7 reasons for crappy web content

Originally published by Optimal Workshop.

 

We’ve been thinking a bit about content recently, so in a casual email to Donna Spencer, we asked her…

“So why do people end up with crappy web content?”

This is her most excellent response. Of course, this is easy for her given that she teaches web writing and wrote a book on the subject.

So, over to Donna:

Let’s face it, after years of communicating via the web, there’s still a fair amount of crappy content around. There’s a ton of good content as well of course, but a lot of bad. Why is it so hard? Here’s 7 reasons why you may end up with crappy web content.

1. You’re not a very good writer

I know it’s a harsh one to start with, but sometimes it’s best to get the ugly truth out in the open straight away.

Writing is a skill. A good writer has a solid understanding of grammar, a good vocabulary and understands how words should be used. For corporate writing, a good writer will be able to write in their own voice as well as the organisation’s.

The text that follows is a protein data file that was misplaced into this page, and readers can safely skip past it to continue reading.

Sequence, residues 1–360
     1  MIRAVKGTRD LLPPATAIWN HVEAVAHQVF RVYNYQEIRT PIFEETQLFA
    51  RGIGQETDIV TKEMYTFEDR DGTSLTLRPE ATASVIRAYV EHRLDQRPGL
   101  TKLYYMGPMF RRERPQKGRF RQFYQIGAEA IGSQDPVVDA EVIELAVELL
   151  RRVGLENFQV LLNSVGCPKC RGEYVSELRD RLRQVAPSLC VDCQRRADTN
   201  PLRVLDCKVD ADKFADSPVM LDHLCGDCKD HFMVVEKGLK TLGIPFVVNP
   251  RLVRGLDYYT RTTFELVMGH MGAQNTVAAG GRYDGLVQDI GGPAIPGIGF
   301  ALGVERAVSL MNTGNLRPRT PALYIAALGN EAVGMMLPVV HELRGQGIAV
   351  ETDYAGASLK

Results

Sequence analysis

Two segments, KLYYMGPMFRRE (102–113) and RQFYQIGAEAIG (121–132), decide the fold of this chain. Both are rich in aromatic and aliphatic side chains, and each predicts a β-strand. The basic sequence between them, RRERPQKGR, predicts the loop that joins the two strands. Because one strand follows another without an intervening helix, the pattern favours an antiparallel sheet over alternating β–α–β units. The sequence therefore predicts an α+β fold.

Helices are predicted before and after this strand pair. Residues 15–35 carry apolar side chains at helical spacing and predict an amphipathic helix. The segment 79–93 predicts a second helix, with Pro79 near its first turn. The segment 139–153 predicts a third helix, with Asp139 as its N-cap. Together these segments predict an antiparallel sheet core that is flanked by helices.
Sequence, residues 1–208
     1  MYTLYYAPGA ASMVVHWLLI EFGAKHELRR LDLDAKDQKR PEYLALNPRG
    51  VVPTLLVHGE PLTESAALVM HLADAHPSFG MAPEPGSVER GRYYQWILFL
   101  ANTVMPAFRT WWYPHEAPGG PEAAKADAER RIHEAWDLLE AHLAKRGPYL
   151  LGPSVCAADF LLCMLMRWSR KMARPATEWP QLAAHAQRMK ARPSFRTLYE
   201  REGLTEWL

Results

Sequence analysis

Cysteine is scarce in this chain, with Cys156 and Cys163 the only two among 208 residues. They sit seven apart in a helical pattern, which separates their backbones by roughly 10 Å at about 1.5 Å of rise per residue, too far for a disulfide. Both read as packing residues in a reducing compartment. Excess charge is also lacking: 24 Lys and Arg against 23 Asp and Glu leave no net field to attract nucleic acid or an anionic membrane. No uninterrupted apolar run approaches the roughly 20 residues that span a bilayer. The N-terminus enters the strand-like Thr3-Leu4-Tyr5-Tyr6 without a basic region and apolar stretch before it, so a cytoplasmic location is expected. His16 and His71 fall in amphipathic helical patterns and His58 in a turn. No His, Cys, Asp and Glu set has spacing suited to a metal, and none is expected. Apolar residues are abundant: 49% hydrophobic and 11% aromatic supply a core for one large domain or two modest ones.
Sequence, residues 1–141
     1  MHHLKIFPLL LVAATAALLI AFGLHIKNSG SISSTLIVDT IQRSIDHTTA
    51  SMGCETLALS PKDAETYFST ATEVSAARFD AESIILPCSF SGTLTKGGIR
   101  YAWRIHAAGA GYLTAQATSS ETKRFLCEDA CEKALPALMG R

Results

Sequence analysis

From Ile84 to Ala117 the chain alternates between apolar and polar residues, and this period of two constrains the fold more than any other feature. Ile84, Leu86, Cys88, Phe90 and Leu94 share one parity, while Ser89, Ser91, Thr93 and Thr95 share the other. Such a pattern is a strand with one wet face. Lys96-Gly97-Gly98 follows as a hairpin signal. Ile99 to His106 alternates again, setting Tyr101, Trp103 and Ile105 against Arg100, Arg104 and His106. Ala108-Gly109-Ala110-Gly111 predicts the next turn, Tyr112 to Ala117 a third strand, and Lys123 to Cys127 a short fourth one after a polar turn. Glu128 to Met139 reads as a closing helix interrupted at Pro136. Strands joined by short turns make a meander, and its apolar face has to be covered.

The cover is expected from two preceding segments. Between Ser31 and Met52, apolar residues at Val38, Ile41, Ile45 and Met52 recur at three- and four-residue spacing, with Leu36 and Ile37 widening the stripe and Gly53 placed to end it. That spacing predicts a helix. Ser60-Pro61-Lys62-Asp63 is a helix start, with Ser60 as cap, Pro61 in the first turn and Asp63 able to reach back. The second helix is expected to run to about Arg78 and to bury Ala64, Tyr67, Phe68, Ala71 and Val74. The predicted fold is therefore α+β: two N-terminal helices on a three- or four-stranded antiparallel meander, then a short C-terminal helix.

Writing needs practice. Good writers constantly practice, play, explore and get better.

The only way to become a better writer is to write. Take care with every email, polish every report. Set aside time to do nothing but write, even if it will never be published.

If practice isn’t an option, you won’t get better. Instead, make sure you have a good editor to help you out. Or pass the writing job to someone who loves doing it.

2. You don’t make web content a priority

At least a couple of times a week I hear about something new and cool (last week it was the 2013 release of the motorbike I want to buy next). Naturally, I go to the web to find out more. At that point, I’m completely ready to be captured, encouraged and persuaded. I’m ready to spend some time learning about the new thing. You could sell me anything.

But no. I go to the website that should have the information and there’s nothing there. No updates, no indication of the cool new thing.

Guess what? By the time you’re ready, I’m gone. I’ll never look for that thing again. There will be something else that I’m interested in (unless of course, it’s a new motorbike – I’ll check back about that, but I’ll be annoyed every time the information isn’t there).